6. Deliver your introduction with confidence

Your initial introduction upon arrival to an executive interview can help set the tone for the rest of the interview. You should arrive at the interview at least 10-15 minutes early and be prepared with a copy of your resume as well as any other important paperwork and information. When introducing yourself to the interviewers make sure you make eye contact, shake hands, and use your first and last name. Be fully aware of your body language and show that you are engaged and interested by sitting up straight and remaining attentive throughout the interview. Let them know that you are passionate about becoming a leader in their company and highlight how and where you can make a significant business impact.

7. Talk about your past experience

One way to stand out during an executive-level interview is by talking about specific work you have done in your past. You can talk about the number of projects you managed or the number of people you have managed previously and you can talk about the volume of work you have been able to manage.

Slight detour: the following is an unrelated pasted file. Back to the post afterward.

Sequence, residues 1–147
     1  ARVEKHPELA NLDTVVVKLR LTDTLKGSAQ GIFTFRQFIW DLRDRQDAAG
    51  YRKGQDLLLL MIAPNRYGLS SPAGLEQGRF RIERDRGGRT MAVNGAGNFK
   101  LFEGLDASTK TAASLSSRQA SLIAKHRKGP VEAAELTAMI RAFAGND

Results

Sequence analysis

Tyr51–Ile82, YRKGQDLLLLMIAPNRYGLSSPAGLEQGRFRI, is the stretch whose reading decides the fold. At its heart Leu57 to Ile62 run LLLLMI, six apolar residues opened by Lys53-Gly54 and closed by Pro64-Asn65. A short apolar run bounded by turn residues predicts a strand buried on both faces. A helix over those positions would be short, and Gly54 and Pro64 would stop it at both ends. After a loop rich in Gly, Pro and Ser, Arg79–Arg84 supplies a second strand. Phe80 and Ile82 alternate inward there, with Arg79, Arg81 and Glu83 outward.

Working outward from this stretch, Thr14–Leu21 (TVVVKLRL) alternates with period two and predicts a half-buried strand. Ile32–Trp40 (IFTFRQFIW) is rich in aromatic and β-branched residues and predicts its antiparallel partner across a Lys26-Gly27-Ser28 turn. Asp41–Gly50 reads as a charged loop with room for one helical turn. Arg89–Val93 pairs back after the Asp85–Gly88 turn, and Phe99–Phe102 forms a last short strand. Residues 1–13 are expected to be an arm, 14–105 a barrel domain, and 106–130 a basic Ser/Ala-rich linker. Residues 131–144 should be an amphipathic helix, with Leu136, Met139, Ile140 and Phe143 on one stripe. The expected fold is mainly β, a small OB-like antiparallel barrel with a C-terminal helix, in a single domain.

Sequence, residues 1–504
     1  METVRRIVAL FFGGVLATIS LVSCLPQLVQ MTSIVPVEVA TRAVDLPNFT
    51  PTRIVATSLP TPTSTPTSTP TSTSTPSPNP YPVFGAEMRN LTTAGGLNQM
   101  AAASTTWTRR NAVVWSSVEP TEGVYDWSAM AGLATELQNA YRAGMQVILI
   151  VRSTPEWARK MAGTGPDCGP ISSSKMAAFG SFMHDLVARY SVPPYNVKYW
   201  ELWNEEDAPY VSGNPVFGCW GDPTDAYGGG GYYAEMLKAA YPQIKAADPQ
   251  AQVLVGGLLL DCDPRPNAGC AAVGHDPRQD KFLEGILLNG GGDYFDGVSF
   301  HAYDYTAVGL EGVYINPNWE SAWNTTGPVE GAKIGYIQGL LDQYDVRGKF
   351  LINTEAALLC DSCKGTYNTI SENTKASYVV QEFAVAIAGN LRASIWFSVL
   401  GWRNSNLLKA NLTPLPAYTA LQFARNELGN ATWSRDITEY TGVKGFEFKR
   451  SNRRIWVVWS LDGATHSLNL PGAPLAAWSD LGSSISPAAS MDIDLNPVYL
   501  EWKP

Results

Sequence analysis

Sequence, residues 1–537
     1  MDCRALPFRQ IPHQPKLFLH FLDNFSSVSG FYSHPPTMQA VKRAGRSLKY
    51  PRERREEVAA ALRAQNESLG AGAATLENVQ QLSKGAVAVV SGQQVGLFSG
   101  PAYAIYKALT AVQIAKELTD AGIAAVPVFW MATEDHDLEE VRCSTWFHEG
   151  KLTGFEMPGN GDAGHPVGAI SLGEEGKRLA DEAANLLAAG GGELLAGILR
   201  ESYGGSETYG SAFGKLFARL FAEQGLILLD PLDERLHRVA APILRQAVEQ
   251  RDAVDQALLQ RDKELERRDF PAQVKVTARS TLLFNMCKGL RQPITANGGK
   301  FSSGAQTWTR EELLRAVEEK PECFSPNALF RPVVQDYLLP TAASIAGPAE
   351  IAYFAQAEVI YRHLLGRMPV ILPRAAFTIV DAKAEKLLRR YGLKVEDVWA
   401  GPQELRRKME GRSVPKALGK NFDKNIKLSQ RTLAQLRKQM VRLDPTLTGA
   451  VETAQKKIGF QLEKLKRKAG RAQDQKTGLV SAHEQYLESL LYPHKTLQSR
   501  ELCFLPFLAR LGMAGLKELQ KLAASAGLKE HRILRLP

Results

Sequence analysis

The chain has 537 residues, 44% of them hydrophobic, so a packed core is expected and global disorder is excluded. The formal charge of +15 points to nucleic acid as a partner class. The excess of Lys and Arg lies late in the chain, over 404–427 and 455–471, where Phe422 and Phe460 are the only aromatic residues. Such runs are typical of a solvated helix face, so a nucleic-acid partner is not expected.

As more and more recruiters adopt competency-based interviewing, you will no doubt be asked to reflect on a past experience in your interview. Have a few interesting stories that emphasize your key skills ready. And practice these stories so that you are confident and articulate when you relay these experiences.

8. Begin and end your interview professionally

Reach your interview meeting earlier than the time agreed upon. This will give you time to find the location, in case you are not familiar with it, or account for unforeseeable issues such as traffic. How you end an executive-level interview is just as important as every other part of the interview. You must make sure to take the time to reiterate your interest in the position and to ask about the next steps of the hiring process for the job. Also express your appreciation for the opportunity and thank the interviewers for their time.

9. Prep call